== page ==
Allis and Merrill can be described as both sympathetic to their native neighbors and conversion targets, and still judging from their own world view.  My reading of the experience of these two particular missionaries in Nebraska does not reveal a concerted effort at “cultural genocide” as Tinker might conclude.  To successfully judge the Pawnees, Otoe-Missourias, and New England missionaries by their own standards, as should be done according to James Axtell, is difficult because we are examining a clash of two societies.  This study focuses on the perspective of Allis and Merrill – the views of Otoe-Missourias and Pawnees living near the missionaries are only presented through the lens of their American neighbors.  Here is where Tinker has a point – Allis and Merrill may have been well-intentioned, but their actions still, in the end, could be viewed as causing harm and perhaps, due to conversion efforts and cultural interchange, limit our ability to achieve Axtell’s vision of interpreting native society by its own standards.

I would like to thank a number of people who have aided this project – panel chair Lindford F., panelists Joshua R., Brian F., and the audience at the ASCH session who all provided valuable resources and feedback to the original paper; writing group members Chalet S., Brian C., Cindy G., and Stephanie G. who all pointed out that the “lede” was buried!  Thanks to writing group members Hillary S. and Joe C. as well for help with another matter on the native imagery project!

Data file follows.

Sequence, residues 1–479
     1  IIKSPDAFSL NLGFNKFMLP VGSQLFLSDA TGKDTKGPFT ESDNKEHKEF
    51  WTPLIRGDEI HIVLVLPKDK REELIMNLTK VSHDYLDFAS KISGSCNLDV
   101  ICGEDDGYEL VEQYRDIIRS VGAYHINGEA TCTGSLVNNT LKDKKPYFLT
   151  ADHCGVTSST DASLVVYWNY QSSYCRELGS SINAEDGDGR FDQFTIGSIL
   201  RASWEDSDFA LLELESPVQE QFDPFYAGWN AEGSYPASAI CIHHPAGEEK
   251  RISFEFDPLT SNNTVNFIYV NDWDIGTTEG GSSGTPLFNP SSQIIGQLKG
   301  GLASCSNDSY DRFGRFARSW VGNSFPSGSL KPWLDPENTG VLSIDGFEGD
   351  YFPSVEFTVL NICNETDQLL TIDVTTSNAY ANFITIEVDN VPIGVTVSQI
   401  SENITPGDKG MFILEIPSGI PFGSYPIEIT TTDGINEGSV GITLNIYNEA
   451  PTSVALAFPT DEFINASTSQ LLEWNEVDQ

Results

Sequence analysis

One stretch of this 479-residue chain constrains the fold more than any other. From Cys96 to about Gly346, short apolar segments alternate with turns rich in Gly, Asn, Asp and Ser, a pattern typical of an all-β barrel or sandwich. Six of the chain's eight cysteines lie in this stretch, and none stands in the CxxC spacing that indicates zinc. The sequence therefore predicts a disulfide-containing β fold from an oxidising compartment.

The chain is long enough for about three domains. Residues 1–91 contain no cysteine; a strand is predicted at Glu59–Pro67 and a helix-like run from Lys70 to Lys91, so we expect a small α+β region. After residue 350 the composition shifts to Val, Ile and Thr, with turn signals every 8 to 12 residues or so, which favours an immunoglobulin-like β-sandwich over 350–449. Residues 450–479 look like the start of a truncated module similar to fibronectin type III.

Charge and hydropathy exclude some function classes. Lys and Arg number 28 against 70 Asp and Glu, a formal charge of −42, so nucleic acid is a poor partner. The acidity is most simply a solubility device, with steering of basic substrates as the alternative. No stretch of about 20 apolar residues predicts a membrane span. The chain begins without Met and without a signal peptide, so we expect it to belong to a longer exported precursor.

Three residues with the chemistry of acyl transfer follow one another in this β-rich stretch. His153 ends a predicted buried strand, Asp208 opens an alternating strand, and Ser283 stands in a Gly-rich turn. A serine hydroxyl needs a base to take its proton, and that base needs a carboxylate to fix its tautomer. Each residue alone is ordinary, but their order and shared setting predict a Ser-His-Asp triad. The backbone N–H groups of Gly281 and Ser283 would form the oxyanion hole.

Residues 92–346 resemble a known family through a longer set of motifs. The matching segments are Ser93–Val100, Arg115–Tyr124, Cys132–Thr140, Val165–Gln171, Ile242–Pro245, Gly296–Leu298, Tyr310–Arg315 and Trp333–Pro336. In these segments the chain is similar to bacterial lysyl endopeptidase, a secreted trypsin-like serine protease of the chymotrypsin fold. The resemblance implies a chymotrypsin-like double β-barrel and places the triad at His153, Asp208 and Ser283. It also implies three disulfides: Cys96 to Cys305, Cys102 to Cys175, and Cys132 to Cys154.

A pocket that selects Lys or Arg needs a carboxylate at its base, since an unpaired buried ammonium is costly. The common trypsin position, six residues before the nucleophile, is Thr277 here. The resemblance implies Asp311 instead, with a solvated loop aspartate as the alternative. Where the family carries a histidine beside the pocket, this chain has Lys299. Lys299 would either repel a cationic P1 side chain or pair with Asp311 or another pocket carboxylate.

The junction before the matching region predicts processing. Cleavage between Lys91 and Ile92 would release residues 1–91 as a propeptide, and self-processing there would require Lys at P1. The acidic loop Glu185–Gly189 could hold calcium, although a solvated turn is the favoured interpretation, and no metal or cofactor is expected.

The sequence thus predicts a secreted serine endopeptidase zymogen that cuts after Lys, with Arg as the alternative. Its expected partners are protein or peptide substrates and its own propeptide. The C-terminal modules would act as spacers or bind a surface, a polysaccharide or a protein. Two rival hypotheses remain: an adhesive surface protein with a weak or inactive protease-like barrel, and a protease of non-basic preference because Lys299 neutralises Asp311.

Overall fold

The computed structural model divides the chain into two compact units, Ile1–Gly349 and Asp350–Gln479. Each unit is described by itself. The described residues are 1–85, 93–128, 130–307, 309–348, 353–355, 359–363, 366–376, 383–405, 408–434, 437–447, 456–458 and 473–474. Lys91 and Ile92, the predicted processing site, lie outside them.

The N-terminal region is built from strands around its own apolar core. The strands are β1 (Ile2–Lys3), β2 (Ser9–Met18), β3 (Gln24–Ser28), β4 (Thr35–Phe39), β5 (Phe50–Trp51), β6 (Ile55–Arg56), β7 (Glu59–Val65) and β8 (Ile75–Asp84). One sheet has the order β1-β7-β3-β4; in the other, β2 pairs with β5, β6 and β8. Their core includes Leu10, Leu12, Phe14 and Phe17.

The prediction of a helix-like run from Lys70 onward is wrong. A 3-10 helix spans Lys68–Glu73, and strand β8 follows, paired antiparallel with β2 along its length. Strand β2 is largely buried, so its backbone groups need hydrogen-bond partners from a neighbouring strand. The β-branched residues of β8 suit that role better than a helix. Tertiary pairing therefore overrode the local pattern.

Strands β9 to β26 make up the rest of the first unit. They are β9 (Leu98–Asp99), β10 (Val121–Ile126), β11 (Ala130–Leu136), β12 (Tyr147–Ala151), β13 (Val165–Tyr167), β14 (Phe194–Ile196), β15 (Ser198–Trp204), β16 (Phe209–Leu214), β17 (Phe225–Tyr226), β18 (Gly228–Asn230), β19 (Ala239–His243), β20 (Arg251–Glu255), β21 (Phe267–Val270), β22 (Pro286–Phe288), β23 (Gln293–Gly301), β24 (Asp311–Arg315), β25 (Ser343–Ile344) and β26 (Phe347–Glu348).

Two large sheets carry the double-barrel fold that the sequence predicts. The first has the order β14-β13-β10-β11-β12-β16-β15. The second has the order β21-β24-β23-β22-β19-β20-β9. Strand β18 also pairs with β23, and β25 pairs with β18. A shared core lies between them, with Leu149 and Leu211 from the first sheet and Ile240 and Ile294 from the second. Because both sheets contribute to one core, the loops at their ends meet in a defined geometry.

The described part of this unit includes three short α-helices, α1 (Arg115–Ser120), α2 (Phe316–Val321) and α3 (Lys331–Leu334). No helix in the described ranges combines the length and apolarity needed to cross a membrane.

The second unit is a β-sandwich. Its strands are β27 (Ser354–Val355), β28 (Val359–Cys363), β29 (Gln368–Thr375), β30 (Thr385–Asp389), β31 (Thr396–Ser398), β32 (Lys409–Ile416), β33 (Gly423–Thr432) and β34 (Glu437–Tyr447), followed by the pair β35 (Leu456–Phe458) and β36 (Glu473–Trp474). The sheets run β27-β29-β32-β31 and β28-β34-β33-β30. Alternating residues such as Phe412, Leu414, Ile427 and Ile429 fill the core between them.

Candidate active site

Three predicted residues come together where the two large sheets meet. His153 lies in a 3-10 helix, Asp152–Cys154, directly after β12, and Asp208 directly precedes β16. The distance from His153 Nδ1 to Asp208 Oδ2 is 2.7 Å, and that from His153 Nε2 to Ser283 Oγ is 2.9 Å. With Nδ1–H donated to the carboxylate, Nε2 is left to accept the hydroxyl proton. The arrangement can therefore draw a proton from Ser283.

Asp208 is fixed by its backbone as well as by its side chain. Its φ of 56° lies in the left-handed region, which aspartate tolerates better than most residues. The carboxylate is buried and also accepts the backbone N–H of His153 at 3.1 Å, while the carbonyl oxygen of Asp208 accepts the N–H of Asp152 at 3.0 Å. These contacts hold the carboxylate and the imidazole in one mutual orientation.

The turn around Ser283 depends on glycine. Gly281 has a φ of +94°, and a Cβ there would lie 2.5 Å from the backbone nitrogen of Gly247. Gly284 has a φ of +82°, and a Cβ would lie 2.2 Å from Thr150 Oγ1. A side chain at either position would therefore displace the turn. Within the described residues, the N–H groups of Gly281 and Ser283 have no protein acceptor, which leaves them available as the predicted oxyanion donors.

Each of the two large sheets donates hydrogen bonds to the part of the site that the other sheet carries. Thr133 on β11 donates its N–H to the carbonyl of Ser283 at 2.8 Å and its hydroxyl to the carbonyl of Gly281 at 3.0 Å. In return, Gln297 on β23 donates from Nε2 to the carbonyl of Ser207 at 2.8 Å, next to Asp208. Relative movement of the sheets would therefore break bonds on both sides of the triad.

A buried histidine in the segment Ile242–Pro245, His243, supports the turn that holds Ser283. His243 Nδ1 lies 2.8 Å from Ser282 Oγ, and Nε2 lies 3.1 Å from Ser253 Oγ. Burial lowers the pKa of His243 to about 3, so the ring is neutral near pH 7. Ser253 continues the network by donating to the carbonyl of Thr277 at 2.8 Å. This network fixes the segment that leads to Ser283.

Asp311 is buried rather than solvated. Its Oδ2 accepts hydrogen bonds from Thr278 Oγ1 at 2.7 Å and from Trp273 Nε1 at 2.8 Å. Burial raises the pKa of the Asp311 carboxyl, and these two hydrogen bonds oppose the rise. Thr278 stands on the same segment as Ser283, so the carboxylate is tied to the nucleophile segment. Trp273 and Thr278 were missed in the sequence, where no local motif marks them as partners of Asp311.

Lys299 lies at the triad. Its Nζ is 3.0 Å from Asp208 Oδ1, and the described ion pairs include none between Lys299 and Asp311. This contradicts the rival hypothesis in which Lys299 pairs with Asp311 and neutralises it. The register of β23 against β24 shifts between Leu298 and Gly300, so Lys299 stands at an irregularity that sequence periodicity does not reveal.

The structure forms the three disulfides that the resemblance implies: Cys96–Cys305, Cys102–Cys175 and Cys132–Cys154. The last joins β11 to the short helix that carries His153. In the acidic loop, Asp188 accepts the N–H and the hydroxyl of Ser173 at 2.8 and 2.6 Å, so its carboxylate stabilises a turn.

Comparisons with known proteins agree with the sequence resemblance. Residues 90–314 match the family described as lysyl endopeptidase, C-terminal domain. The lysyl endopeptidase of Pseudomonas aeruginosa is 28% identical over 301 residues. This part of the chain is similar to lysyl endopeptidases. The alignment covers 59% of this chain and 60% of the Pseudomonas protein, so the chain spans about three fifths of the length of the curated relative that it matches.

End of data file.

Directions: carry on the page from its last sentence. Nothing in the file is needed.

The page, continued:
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Sabbatical research continued

For the second time in one week I was fortunate to spend several hours at the New-York Historical Society working in the Patricia D. Klingenstein Library.  On this visit I was chiefly concerned with utilizing a digital camera to document a number of the images I had discovered on the previous Tuesday.  I had enough time to take over 170 pictures, while also working my way through four books and three additional boxes of archival material before the doors closed.

While most of the pictures covered images from the Bella C. Landauer collection, I was also able to snap a few from the Gosman family papers.  These two collections offered me a broad spectrum of materials that presented a variety of views of Native Americans from the 1840s through the early 1940s.  Landauer was chiefly concerned with the advertising world and as a result, the bulk of images I’ll be analyzing from her group included pamphlets and broadsides related to so-called Indian patent medicines.  The Gosman collection, as I mentioned the other day, was a completely unexpected piece.

The Gosman family’s papers reach back to the eighteenth century but the contributions from a teenaged Richard Gosman are thus far the only pertinent pieces.  Gosman was heavily influenced by publications like Leslie’s Illustrated Weekly.  Below, a comparison between an actual Leslie’s publication and a cover for Gosman should give readers a sense of what I am seeing when working with the material.